By Theja Pamarthy

It was on my birthday in 2016 that I received the best birthday gift of my life. It was the gift of understanding inequalities and gaps. I was teaching a bubbly bunch of fourth graders in a public school in Chennai, India, when a child slowly walked into my classroom grinning, fresh after her admission process in the school. Nina was sent to my class despite being two years older than her new classmates, owing to her special ability of a delayed understanding, which I later found resulted from a thirty percent intellectual impairment. 

Her enchanting grin and captivating eyes immediately caught the class’s attention and we all welcomed another member with much enthusiasm on an otherwise normal day. But for Nina, it was her first day of school in her life. She was happy being in this new atmosphere for the very first time. But the happiness came with its difficulty in her adjusting to other children. She was not potty-trained and had to be rushed frequently to the toilet. She could not contain her attention for more than 10 seconds. It was then that I was put on the path to push myself to not just be a better teacher but also be a better human being. I went back home every day to research special education only to find the appalling results that led me to pursue a career in public service. Through my research, I found that Nina was not the only one to enter school at 12 after being turned away several times. 

India is home to 472 million children (one-third of her total population), out of which 2.9 million are children with special needs (henceforth CWSN), as observed by UNICEF. It is grave to note that, according to Census 2011, just 39% of the CWSN are enrolled in school, and of those, only 621,000 go to mainstream schools through the District Primary Education Programme (DPEP). Because of a lack of infrastructure, un-accommoding school leaders, and unfriendly exam patterns after high school, CWSN enrollment further dwindles from elementary to higher education.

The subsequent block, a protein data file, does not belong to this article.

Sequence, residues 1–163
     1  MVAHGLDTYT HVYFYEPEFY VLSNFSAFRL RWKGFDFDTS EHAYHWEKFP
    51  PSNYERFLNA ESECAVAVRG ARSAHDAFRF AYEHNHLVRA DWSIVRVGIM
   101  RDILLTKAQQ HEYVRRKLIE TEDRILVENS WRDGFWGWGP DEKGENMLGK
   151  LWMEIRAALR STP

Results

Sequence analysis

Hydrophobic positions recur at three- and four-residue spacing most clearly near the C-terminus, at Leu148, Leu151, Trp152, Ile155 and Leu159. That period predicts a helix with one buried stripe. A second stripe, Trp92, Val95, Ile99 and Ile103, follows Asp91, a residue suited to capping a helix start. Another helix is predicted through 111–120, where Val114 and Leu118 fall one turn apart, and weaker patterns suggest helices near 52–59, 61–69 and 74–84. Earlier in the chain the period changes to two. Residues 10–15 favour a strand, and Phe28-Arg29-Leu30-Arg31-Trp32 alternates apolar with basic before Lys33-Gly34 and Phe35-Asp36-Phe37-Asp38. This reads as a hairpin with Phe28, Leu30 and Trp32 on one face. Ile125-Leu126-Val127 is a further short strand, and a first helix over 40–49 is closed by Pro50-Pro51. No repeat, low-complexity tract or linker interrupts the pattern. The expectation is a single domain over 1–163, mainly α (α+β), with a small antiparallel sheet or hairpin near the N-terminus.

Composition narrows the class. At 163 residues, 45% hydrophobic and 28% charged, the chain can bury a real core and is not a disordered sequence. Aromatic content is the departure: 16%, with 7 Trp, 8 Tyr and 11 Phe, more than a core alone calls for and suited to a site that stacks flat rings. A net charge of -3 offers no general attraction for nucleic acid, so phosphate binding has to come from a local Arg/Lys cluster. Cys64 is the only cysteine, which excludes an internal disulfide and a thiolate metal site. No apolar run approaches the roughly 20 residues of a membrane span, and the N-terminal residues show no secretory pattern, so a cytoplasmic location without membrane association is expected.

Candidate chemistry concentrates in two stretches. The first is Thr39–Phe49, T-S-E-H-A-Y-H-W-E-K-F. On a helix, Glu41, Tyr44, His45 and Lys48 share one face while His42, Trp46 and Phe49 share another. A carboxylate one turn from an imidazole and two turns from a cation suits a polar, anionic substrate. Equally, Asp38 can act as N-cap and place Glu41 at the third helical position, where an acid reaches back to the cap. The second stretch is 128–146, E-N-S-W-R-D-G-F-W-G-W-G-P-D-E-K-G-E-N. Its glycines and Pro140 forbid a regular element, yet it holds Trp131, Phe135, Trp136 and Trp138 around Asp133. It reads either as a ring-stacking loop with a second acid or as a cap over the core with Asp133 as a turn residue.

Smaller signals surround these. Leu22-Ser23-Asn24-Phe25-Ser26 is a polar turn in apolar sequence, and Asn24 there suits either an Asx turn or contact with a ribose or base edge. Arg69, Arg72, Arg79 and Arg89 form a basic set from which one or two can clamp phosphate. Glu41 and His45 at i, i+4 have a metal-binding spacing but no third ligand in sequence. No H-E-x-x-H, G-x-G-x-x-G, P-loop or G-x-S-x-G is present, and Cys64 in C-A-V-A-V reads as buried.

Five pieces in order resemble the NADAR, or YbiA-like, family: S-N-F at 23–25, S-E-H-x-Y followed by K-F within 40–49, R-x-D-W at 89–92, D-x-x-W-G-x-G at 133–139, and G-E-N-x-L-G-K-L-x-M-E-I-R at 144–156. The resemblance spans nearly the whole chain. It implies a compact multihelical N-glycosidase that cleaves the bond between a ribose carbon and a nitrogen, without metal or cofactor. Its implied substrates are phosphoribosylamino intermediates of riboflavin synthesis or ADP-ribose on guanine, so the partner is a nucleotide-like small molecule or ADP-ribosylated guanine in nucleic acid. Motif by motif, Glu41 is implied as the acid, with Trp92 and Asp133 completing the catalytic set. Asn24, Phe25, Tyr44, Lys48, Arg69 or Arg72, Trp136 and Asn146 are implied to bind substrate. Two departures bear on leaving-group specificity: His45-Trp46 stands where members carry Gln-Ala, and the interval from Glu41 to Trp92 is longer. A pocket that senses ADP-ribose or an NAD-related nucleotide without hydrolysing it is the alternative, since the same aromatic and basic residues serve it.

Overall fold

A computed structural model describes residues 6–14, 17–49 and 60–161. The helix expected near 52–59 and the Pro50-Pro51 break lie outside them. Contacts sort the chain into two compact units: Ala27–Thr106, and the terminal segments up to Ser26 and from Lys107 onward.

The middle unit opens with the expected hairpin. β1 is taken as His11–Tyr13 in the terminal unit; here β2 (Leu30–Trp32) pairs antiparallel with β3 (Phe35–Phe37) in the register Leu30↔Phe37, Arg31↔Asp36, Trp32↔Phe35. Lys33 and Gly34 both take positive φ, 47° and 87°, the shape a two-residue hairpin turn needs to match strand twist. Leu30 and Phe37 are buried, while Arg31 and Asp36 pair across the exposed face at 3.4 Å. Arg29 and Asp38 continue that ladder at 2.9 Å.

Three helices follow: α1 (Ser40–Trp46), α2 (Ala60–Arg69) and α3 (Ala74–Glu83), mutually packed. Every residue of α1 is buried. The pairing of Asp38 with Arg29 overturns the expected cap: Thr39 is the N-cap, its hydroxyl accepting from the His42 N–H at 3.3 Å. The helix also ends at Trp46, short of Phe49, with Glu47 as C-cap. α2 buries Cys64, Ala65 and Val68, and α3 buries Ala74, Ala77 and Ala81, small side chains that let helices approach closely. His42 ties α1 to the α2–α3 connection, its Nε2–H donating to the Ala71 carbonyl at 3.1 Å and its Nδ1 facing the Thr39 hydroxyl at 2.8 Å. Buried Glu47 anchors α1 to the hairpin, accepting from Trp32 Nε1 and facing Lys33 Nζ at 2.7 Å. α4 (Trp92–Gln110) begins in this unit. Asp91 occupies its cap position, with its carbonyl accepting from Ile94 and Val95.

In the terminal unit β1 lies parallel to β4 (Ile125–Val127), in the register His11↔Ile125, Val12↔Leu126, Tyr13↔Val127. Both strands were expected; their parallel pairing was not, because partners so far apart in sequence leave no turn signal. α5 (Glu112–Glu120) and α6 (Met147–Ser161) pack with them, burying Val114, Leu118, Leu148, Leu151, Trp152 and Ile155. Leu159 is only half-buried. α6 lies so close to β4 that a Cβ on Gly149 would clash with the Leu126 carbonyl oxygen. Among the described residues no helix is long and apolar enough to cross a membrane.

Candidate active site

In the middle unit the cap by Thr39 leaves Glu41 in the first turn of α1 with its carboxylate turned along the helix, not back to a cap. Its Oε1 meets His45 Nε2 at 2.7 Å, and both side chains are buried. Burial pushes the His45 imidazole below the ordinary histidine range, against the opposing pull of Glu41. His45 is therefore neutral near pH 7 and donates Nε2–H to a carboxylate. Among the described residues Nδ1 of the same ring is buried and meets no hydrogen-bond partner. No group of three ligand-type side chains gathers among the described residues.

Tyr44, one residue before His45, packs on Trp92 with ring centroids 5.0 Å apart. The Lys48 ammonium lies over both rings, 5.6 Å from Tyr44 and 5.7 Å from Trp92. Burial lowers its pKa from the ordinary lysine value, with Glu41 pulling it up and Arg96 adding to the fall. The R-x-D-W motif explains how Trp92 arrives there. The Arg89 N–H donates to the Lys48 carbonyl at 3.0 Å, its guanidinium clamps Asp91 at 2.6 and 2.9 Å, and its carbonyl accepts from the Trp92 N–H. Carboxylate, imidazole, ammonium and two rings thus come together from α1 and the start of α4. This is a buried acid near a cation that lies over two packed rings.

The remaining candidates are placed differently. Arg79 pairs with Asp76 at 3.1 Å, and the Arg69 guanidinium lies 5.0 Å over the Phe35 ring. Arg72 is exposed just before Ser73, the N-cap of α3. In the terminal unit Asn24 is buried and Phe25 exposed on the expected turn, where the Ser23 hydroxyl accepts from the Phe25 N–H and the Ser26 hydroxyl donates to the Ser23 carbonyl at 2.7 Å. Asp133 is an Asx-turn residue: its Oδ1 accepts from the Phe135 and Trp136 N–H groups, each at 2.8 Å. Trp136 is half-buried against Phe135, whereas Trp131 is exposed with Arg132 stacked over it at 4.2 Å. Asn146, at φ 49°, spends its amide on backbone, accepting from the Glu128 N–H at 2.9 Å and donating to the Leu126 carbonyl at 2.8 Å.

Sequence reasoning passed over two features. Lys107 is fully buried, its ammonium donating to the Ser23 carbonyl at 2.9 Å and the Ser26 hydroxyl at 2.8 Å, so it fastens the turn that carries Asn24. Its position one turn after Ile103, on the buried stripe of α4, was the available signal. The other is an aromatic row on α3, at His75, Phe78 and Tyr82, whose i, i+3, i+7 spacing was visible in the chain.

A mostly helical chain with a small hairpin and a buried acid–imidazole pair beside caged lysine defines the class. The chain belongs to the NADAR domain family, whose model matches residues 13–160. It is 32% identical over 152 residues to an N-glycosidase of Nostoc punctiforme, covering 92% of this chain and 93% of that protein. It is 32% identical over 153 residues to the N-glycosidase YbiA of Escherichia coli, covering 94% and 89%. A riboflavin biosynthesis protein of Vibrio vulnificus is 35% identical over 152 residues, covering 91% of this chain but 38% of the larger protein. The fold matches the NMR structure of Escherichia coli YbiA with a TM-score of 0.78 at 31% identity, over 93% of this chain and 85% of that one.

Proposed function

Why is this a problem? According to the Universal Declaration of Human Rights (United Nations, 1948), education is a fundamental right of every human being. And it is pivotal that CWSN are given the opportunity of equity that helps bridge the gap arising from viewing their special abilities exclusively viz. special schools. The inclusive nature of mainstream schools is envisioned to erase the barriers of engagement by focussing on participation so that children who benefit from it, irrespective of their abilities and aspirations, would go on to be a part of and add value to a society that respects their individuality.

Despite the zero rejection policy of India’s grand initiative Sarva Shiksha Abhiyan (SSA, meaning “Education for All”) and the call for inclusive education through the Integrated Education for Disabled Children (IEDC) programme, the vision of achieving equal and universal education for all remains a far-fetched dream to a large number of children in India, particularly the CWSN. What these children need is equity in education, not “equality in education.” This means striving to provide any and every opportunity of aid possible to help them have access to the education they deserve. This can be realized not just by adding nominal ramps in a few public schools, but with a change in attitude and sensitization of the many stakeholders toward the childrens’ special needs.